Can we live too clean a life? Is a little dust and fur a good thing?
A study by scientists at the University of Colorado-Boulder and in Germany offers support to the scientific idea called the “hygiene hypothesis,” which says living in an overly sterile environments might actually be bad for our health.
Their study in the Proceedings of the National Academy of Sciences found that children raised in rural areas with pets and bacteria-laden dust may have hardier immune systems and better mental health than city kids without pets. Researchers noted that it has previously been shown that country living during the development years can reduce the incidence of asthma and allergies.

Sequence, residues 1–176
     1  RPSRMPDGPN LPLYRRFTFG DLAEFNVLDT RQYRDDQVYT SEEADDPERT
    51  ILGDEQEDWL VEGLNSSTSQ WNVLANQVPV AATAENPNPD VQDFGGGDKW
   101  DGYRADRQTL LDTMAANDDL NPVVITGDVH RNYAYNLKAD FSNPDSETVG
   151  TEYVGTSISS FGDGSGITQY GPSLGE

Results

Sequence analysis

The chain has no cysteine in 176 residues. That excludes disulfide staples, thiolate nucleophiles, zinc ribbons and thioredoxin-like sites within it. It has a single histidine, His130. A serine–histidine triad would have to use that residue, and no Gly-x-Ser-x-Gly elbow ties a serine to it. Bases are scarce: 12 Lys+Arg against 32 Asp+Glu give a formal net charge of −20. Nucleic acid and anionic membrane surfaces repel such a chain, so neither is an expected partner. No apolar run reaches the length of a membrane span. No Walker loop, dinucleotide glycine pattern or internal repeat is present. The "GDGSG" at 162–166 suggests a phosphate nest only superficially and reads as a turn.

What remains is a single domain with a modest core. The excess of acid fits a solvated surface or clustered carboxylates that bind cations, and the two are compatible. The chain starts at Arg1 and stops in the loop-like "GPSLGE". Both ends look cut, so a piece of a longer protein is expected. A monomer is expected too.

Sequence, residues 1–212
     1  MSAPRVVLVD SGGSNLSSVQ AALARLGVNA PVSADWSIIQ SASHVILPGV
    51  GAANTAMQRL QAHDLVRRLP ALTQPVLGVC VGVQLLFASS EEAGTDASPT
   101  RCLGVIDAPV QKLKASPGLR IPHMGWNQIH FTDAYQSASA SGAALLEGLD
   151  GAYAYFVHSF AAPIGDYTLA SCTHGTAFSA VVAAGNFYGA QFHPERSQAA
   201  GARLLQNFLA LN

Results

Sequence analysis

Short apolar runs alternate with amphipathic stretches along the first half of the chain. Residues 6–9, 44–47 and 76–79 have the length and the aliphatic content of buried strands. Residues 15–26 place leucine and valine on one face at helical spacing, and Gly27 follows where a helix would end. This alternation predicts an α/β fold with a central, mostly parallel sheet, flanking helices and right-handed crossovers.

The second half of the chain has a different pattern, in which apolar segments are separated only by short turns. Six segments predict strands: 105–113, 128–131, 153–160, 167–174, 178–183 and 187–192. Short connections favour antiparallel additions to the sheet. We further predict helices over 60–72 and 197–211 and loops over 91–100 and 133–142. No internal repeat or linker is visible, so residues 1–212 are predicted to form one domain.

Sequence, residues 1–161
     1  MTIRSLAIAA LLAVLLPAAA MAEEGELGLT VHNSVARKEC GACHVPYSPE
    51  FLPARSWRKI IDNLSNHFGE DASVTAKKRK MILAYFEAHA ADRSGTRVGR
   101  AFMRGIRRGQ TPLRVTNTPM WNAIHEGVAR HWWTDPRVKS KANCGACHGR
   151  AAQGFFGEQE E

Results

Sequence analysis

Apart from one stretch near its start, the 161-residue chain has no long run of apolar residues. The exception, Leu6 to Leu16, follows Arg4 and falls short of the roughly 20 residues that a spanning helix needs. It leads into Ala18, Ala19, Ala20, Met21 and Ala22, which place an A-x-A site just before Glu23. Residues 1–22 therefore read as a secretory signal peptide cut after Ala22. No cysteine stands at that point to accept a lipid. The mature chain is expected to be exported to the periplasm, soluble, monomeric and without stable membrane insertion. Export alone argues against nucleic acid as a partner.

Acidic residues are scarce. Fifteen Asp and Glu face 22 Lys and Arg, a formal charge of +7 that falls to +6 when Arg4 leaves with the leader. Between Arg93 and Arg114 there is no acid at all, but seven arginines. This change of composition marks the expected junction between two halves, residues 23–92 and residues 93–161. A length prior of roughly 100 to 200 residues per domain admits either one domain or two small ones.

In the study, 40 healthy German men ages 20 to 40 were split into two groups, those who lived on a farm with animals, and city dwellers who lived only with the species homo sapiens.
Then, all were exposed to the stress of giving a speech in front of a group that displayed no reaction. Afterward, they had to solve math equations while being timed.
At intervals before and after, their blood and saliva were sampled. While the country participants felt more stress, the city folk showed higher chemical signs of what researchers called an exaggerated, inflammatory immune response.
That immune response is known to put people at higher risk of mental health problems such as depression. Researchers said the results might not be surprising since our immune-regulatory response develops when we are young and is shaped by the microbial world.
So, parents, be forewarned. Your kids might now have a strong, science-based argument to support getting that cute dog or cat at the local animal shelter.